The Lewis Center’s exteriors, then, might be so successful because of their relative simplicity. The central courtyard already seems appreciated by students, who sit and linger on palazzo-style benches that run along its perimeter. And within a year or so, a new landscape installation by Maya Lin will transform the lawn at the complex’s north corner. The urban strategy is sensitive and intuitive—a new quadrangle of sorts for a campus that has many. It’s a significant addition to a place that already sports works by some of architecture’s heaviest hitters, including Frank Gehry and Robert Venturi & Denise Scott Brown. This newcomer tries hard to fit in—and Holl pulls it off well. The complex feels natural, like it has always stood there. Fit is the ultimate measure of any new campus building, and it’s likely the hardest thing to get right. Holl and his team have managed to slip a significant, sculptural addition into the genteel atmosphere of a mature campus, no less one that F. Scott Fitzgerald once called “the pleasantest country club in America.”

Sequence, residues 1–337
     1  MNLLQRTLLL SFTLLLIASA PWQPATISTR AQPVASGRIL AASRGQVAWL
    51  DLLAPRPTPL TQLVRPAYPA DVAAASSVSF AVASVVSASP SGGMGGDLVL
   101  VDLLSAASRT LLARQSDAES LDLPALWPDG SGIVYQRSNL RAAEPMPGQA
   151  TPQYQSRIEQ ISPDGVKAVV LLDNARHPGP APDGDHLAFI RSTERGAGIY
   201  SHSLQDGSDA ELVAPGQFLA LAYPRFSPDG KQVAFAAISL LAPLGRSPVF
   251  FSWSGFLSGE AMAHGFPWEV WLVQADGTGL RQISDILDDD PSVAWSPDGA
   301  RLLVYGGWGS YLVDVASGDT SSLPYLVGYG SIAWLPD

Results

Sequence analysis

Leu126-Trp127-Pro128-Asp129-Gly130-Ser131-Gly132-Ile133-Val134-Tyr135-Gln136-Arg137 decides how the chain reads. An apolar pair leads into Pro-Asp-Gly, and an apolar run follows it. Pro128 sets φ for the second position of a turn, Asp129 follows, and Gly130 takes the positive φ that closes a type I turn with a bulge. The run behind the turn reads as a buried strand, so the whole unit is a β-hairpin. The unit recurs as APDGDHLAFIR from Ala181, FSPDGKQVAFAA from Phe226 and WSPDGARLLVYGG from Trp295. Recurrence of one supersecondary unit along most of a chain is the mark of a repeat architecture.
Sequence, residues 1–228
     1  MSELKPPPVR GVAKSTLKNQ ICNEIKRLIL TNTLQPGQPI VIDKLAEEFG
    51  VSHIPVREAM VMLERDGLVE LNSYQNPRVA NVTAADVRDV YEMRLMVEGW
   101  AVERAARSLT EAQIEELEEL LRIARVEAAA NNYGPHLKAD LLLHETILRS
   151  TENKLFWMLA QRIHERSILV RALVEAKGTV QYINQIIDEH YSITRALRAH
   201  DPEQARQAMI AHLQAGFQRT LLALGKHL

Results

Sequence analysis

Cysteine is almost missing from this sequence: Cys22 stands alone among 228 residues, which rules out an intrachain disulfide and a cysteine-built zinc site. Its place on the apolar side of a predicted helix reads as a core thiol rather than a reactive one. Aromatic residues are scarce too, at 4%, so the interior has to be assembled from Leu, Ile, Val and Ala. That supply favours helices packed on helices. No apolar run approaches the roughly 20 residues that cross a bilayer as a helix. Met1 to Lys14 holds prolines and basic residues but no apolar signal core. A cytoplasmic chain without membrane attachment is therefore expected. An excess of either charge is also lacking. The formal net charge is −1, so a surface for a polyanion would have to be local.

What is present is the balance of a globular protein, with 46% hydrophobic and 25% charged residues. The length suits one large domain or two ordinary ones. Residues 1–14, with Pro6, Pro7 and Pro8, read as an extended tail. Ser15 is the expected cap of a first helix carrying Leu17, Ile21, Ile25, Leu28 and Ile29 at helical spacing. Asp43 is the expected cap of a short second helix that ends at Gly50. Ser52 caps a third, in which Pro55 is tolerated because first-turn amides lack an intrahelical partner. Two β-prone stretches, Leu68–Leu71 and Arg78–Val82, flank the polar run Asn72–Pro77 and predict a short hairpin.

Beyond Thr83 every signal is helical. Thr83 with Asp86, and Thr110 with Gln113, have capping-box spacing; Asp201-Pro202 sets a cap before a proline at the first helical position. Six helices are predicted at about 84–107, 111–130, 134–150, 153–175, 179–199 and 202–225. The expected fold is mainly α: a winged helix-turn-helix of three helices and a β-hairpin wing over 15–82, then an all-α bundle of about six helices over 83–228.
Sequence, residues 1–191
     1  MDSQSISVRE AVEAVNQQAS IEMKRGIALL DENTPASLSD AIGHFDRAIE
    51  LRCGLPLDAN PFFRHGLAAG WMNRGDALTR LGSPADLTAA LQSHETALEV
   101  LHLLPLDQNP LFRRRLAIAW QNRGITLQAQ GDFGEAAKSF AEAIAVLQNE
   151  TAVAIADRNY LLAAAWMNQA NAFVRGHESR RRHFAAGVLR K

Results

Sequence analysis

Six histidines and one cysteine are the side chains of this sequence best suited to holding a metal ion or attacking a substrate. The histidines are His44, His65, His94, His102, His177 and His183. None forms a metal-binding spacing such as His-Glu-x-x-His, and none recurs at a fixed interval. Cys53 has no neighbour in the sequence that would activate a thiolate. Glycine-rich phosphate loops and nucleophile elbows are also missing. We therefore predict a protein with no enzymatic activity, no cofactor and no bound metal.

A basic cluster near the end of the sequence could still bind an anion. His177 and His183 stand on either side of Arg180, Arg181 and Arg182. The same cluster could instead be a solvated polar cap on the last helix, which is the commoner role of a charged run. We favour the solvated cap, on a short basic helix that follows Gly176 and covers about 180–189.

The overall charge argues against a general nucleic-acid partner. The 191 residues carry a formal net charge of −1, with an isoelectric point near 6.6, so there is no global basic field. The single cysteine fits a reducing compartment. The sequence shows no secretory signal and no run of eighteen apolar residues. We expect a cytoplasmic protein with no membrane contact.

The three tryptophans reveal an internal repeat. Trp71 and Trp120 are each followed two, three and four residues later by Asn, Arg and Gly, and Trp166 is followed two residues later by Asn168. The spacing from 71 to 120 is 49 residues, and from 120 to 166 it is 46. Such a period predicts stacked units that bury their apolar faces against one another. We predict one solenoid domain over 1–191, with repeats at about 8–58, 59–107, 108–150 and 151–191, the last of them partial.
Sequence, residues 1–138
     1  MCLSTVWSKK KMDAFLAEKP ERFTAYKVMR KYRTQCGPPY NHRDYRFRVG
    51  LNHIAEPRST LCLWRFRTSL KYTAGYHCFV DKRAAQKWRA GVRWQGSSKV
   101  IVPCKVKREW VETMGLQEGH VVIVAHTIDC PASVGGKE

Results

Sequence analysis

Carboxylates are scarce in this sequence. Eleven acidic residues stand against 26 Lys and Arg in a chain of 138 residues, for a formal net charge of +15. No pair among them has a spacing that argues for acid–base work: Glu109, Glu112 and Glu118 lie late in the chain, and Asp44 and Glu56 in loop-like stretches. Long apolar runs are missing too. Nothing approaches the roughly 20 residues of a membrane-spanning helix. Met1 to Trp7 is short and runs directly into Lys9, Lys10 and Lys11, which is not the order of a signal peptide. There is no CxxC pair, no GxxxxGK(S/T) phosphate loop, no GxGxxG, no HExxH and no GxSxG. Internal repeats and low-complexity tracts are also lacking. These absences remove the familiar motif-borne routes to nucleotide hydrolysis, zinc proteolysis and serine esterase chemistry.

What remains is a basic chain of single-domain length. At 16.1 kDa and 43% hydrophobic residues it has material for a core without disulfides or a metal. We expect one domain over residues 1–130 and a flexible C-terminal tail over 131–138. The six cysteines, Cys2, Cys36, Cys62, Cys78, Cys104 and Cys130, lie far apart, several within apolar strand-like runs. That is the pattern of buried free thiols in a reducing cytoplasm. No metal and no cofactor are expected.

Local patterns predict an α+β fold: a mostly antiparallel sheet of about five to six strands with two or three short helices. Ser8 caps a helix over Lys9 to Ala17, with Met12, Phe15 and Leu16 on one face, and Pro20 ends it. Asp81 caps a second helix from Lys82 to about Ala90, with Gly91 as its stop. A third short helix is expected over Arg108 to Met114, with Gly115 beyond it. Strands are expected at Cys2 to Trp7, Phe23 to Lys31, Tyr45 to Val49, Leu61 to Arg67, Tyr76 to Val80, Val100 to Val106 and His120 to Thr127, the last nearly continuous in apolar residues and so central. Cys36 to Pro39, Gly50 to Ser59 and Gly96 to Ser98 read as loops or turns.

And yet, the Lewis Center does not display the same depths of experimentation or ingenuity that shine in Holl’s best work, such as his addition to the Nelson-Atkins Museum of Art in Kansas City, completed in 2007. The Princeton project repeats moves that have become familiar standbys for the office: a large program interpreted as a collection of pavilions whose interiors are awash in natural light. Holl, for his part, employs the same process as ever: “I’m a watercolorist,” he contended at the press tour.
Moments of brilliance shine through, but the whole is weighed down by a phantom diktat that says: design everything. Custom fittings and furnishes abound—rugs, light fixtures, door pulls, and more. You might be reminded of Adolf Loos’s parable of the “Poor Little Rich Man,” who upon receipt of his architect-designed Gesamtkunstwerk-home finds that its utter completeness “precluded him from all future living and striving.” But if the Lewis Center is like any other academic building, then students and staff will find ways to make it theirs. Indeed, they have already settled in comfortably even as construction and touch-ups continue to this day. Their welcoming response points to early signs of a win for Princeton. Holl, however, might ask himself where to aim his “future striving and living” once the dust settles on his latest success.
Phillip Denny is a PhD student in architecture history and theory at Harvard University.